Loren Roman-Nunez: Leading Sustainability On and Off Campus

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As an undergraduate studying environmental biology and the president of EcoEagles at University of Southern Mississippi (USM) Gulf Park campus in Long Beach, Loren Roman-Nunez is invested in sustainability. “As humans, we have an obligation to be the best stewards we can be, and this cannot be achieved by any one person—it takes many hands,” she says. “Getting involved with EcoEagles has taught me that there are many people out there who care, but they need a means to congregate and share ideas.”

EcoEagles is a student organization focused on outreach, community service and environmental stewardship to promote the social, economic and environmental tenants of sustainability. They collaborate with the school’s Office of Sustainability to promote the campus recycling initiative and encourage sustainable practices in day-to-day lives of students.

The group was awarded a grant last year to construct a community garden on campus to demonstrate how to grow your own food in an environmentally friendly manner. With vegetables, herbs and native flowers growing, the students are encouraged to help maintain the garden as well as provide input on what to grow.

EcoEagles fosters Roman-Nunez’s involvement in the community both on and off campus and has made strides in connecting the university with other community sustainability initiatives. The group partners with Mississippi State University Extension Services for their beach cleanups and they participate in the Pearl Riverkeeper’s Clean Sweep, using kayaks to collect trash from the river. In association with Plastic Free Gulf Coast, EcoEagles also promotes the Office of Sustainability’s efforts to move the campus away from single-use plastics.

Roman-Nunez says, “My hope is that future students will continue to engage with their peers and employers to push the limits on what we can do together to mitigate human impacts on the environment and make better choices in our daily lives.”

Mississippi Cafe Offers Wellness for a Lifetime

Starfish Café, in Bay St. Louis, Mississippi, serves fresh local food with a pay-what-you-want policy while offering a free experiential education program to students 18 and older. Donations cover the cost of food and experience, and extra donations are used to make a positive impact on the world.

Known as one of the best kept secrets on the Mississippi Gulf Coast, the quaint café supports the local economy by purchasing all of its food from local growers and grocers. Purchased products are supplemented by the vegetables, flowers and herbs harvested from the café’s gardens.

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The 20-week experiential learning program offers students free, hands-on training in restaurant, job and life skills. “Our commitment is to minister to, facilitate and equip each Starfish student with tools to fully and completely reach their potential,” says Executive Director Di Filhart. “We believe that every person is created by God for a special and wonderful purpose in this world.”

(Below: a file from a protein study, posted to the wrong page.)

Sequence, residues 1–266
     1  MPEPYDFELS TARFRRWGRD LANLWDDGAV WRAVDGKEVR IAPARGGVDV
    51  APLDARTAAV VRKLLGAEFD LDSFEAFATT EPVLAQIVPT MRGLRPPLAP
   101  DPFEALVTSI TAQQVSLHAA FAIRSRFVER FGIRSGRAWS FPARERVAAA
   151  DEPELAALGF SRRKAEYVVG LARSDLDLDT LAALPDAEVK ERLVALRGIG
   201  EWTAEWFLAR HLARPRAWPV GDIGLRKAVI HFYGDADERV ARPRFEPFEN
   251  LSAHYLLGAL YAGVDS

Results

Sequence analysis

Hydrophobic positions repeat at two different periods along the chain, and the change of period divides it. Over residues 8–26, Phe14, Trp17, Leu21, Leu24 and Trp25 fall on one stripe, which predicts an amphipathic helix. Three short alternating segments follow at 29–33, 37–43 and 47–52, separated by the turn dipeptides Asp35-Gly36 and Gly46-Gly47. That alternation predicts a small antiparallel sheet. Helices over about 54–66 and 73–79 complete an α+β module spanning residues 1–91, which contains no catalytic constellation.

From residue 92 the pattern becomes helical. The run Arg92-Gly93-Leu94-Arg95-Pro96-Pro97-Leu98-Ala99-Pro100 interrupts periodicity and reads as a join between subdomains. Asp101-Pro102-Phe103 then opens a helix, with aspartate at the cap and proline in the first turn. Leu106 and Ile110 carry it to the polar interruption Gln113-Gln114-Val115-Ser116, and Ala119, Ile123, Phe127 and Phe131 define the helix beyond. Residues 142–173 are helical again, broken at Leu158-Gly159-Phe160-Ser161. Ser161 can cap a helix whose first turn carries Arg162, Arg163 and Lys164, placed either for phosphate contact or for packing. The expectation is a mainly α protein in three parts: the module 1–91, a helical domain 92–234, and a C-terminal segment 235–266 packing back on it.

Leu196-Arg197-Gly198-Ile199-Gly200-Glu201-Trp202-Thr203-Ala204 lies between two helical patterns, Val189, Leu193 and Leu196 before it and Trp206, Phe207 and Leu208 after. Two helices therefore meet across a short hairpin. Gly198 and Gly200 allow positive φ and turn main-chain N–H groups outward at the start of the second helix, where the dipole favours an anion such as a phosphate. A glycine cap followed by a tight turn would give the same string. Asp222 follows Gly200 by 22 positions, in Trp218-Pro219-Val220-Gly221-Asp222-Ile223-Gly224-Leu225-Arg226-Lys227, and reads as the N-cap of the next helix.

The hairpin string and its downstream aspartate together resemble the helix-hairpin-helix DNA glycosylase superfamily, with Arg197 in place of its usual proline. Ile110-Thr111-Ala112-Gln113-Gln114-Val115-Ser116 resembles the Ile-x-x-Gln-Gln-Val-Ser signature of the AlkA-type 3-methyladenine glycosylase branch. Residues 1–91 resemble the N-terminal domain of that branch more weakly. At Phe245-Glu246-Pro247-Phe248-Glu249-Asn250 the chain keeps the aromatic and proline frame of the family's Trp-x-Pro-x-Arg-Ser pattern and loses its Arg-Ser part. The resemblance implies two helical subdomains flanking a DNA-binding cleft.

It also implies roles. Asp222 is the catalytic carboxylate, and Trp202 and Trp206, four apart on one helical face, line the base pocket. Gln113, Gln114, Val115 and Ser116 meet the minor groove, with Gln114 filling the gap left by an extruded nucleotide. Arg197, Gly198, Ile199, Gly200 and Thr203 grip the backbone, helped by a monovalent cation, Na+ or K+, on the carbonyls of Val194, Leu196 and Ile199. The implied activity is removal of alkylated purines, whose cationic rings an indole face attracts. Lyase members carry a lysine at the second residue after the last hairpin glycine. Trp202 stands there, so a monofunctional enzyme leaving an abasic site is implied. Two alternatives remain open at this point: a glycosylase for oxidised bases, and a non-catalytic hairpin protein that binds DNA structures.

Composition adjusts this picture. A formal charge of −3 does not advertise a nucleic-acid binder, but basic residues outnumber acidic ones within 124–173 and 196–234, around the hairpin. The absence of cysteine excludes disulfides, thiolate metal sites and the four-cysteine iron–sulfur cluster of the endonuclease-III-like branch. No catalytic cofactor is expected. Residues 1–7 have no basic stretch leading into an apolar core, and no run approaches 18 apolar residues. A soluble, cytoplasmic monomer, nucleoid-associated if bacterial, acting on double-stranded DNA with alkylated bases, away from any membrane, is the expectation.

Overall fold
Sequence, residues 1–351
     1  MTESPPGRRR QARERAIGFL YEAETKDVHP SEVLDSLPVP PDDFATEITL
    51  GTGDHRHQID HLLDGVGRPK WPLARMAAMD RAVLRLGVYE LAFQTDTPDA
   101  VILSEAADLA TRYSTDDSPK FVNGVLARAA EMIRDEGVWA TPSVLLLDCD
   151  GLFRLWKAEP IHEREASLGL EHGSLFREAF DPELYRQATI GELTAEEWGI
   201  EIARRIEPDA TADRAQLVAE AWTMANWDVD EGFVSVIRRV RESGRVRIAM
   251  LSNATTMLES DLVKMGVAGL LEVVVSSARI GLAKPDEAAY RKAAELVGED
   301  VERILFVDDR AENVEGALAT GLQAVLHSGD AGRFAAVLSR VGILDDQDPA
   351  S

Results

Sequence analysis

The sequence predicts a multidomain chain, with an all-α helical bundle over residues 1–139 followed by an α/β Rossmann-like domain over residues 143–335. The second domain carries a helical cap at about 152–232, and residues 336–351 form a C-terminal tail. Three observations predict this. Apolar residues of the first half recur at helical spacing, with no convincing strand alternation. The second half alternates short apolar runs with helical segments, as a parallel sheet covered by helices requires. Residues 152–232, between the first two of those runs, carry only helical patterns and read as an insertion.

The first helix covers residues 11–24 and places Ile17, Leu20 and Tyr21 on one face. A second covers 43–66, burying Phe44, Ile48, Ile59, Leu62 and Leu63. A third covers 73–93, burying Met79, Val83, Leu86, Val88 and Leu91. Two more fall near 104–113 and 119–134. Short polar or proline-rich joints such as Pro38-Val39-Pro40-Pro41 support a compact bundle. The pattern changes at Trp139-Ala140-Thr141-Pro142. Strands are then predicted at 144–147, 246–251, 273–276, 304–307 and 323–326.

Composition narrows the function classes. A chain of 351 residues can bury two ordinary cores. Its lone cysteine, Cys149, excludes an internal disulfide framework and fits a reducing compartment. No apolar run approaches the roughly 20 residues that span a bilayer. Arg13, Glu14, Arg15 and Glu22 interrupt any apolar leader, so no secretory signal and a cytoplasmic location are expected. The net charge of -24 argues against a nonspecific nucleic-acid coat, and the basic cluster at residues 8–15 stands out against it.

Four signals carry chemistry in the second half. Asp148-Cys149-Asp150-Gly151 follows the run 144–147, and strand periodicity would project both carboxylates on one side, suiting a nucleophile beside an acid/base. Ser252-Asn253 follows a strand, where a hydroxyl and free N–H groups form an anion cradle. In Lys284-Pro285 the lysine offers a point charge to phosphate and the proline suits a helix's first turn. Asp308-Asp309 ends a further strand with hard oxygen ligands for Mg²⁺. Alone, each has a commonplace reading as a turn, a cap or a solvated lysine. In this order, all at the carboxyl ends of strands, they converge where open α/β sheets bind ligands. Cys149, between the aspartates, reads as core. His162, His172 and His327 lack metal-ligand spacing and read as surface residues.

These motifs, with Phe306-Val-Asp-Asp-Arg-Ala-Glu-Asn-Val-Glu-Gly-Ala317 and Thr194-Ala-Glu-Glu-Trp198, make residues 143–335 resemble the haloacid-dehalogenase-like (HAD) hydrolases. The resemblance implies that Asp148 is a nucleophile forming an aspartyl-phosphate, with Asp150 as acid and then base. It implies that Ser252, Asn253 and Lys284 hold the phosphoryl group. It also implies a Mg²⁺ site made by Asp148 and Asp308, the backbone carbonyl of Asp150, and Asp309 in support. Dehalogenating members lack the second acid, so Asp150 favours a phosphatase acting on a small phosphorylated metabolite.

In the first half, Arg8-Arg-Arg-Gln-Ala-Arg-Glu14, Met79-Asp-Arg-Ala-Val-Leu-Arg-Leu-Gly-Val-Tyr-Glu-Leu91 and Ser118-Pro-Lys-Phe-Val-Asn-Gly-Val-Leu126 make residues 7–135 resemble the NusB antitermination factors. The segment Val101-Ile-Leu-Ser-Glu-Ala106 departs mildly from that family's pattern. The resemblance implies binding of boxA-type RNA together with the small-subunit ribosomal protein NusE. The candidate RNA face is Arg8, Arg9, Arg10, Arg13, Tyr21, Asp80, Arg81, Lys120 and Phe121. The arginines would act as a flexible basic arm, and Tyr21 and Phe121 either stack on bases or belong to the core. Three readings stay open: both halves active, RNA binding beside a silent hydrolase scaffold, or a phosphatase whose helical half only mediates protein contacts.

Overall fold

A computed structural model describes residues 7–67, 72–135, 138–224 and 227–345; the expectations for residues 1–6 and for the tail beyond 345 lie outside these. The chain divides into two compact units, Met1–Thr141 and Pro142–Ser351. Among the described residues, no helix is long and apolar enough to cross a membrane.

Location: 211 Main St., Bay Saint Louis, MS. For more information, call 228-229-3503 or visit StarfishCafeBSL.com or Facebook.com/starfishcafebsl.

Become a Holistic Health Practitioner

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The Southern Institute of Natural Health, in Ocean Springs, Mississippi, offers a Traditional Naturopath Degree and the next course begins in May. Registration is now open for this 12-month course, which meets one Saturday per month.

“Complementary medicine is booming in this country, and there is a need for professionally trained practitioners,” says Professional Naturopath Practitioner Betty Sue O’Brian. Naturopathic medicine emphasizes prevention, treatment and optimal health through the use of therapeutic methods and substances that encourage self-healing processes.

Included in the course is an introduction to iridology, herbalism, energy medicine, flower essences, nutrition, natural cancer cures and Eastern medicine. The program helps massage therapists, nurses and other health practitioners integrate natural healing methods into their work, while also introducing traditional healing methods to students new to the healthcare field. Whether taken for personal growth and healing or to pursue a career in naturopathy, students will restore harmony to themselves and connect with others as they evolve into a more natural way of living.

“In a 21st century of fast food, poisoned crops and overindulgence, our graduates will be properly informed with the wisdom of the ages and the latest research in natural healing today,” says O’Brian. “It’s a shift into a lifelong quest for health—for themselves and for others.”

 

For more information, call 228-257-1946, email Betty.OBrian@gmail.com or visit SouthernInstituteOfNaturalHealth.com